Quay Sisowath is a short walk from the Royal Palace in Phnom Penh, Cambodia. I would scarcely recognize it from recent pictures that I’ve seen but for the palace which seems unchanged. It is one of very few things that were not destroyed in the purges and terrors of the past century.
My memories of Quay Sisowath pre-date all that. I lived there in 1956, when my father was posted to Cambodia by Unesco. I was eight years old.
My dad proceeded to Cambodia six months ahead of Mum and me. While Mum packed up the flat and shopped for the laundry list of items she was told to bring, Dad located a place for us to live. Accommodation being hard to find, he rented two adjacent flats at the end of a building and partitioned them off to afford us some privacy. Cooking was generally done over charcoal fires on the communal rear veranda, but somewhere Dad located a gas cooker and erecting another flimsy partition, he created a very basic kitchen for my mother. I suspect we were regarded as a bit eccentric, but one room for the three of us would have been a bit of a jam.
My endlessly agreeable mother accepted the new arrangements without fuss and immediately created a new home for us.
Upon arrival, we were greeted by the young woman Dad had recruited to be our “servant”. I’ve always hated that word, but all foreigners in SE Asia had servants and it provided welcome employment for many people who needed it.
Sai See, as she was named, became more of a friend to my mother and me. I will never forget how she carried our baggage up to the flat, on her head. It was the first of many new experiences for us.
Before long, Sai See had learned all about English people and afternoon tea!
Before being carted off to the American school, I spent a few weeks hanging over the veranda, watching life unfold on the river front. It was busy all day with dozens of small boats coming and going. Some were driven by small engines, other simply rowed by the owner who stood at the back with a single oar.
The boats carried all manner of items from watermelons to ceramic jars. These were put into large baskets that were loaded, one at each end of a flat bamboo pole, and carried on the shoulder of a bare-footed “coolie” who easily crossed a wooden plank to the shore. There, pony carts lined the hot, dusty road above the river bank. It was my first experience in animal cruelty and I remember the sick feeling in my stomach as I watched the tiny ponies trying to pull their overloaded carts. Once I saw a pony beaten until it collapsed. I don’t know what happened to it. I only remember a feeling of utter despair and uselessness. My parents were not animal lovers so I was just told not to look. There were plenty of things it was best not to see.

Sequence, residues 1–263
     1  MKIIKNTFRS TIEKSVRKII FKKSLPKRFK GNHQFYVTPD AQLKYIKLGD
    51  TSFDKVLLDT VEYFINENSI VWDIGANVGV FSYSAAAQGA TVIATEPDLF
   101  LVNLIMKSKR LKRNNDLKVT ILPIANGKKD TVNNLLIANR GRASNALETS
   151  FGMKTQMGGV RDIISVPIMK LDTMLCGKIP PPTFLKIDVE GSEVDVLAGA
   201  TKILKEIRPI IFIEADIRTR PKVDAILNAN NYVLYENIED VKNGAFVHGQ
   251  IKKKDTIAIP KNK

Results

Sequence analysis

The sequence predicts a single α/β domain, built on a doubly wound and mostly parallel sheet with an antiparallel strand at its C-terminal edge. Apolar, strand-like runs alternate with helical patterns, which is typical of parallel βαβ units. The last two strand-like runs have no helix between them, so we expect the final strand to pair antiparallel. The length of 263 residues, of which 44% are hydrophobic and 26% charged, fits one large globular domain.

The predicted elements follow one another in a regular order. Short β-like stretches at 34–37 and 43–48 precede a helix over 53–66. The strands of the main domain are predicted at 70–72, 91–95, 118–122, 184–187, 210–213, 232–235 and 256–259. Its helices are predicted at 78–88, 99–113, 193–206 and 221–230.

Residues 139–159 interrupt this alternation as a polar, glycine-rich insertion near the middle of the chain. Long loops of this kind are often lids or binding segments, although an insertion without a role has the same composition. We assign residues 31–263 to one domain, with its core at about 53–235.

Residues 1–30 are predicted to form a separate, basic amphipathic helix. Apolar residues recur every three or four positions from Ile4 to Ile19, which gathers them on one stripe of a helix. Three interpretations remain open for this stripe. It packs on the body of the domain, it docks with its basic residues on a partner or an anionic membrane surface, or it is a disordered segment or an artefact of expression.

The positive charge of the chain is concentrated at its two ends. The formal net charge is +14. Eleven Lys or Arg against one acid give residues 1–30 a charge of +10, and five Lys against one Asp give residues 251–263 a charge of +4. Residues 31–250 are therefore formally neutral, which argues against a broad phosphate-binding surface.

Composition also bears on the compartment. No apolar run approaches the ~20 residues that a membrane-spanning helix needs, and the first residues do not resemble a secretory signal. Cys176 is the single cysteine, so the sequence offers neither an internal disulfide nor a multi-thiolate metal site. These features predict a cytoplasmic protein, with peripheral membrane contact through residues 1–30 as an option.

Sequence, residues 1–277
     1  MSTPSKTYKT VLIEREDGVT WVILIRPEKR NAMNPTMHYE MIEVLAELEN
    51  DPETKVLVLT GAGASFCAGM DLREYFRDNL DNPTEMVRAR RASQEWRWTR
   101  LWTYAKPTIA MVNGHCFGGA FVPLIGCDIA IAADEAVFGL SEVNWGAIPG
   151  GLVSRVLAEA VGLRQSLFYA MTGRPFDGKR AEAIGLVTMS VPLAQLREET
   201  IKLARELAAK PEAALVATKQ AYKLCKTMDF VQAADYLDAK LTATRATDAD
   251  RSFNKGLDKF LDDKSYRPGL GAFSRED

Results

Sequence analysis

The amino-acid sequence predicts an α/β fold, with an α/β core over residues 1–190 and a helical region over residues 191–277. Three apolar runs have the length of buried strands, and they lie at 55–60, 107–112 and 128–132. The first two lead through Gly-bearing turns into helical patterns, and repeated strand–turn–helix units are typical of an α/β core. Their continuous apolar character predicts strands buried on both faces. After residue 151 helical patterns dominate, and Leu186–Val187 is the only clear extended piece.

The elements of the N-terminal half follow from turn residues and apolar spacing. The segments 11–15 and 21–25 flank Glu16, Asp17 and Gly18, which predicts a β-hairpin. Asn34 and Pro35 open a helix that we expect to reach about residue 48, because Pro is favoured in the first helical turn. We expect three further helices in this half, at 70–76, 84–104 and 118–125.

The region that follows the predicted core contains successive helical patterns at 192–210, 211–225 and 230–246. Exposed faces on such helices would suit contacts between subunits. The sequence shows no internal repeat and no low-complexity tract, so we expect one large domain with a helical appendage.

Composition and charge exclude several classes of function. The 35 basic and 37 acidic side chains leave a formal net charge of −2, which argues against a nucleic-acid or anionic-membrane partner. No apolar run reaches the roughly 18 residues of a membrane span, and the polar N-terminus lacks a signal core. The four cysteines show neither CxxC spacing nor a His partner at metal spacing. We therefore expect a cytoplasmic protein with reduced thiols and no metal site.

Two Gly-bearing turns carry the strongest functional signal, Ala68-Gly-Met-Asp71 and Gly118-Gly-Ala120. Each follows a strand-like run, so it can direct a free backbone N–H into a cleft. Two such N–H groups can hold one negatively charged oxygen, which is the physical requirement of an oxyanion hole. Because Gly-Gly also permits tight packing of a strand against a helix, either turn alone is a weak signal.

The river itself was fascinating. Our flat overlooked the confluence of the Tonle Sap and the Mekong. There was a finger of land separating the Tonle Sap, beneath our flat and the Mekong on the far side. At dawn flocks of birds (starlings, probably) would fly toward us as colonies of bats flew in the opposite direction. Then in the evening it was reversed. You could set your watch by them.
For me, the monsoons were an endless delight. Towering dark clouds rolled in bringing torrents of rain. It seemed so dramatic and getting drenched was such fun! (I thought so anyway.) As the monsoon progressed the finger of land opposite started to disappear beneath the flood waters. The volume of water coming down the Mekong was staggering, and finally it had the extraordinary effect of reversing the course of the Tonle Sap which began to flow back into Tonle Lake.
At the end of the monsoon Cambodia celebrated the Water Festival and we watched the boat races that took place from in front of the Royal Palace. I was particularly entertained when one of the boats filled up and sank, depositing its crew into the murky water. No one seemed terribly upset.
My parents were more interested in watching for ships that came up river from the sea. Many items were unobtainable in Phnom Penh, so orders were sent off to Lane Crawford’s in Hong Kong and after many weeks a ship bearing a Union Jack would be spotted approaching. We would cheer its arrival, and a few days later, Dad would drive along the road to the “Low Down” to negotiate with Customs for the release of our “stuff”.
Then one day the lady from the American school arrived to test me. In due course I was accepted, and I was “downgraded” for the first time……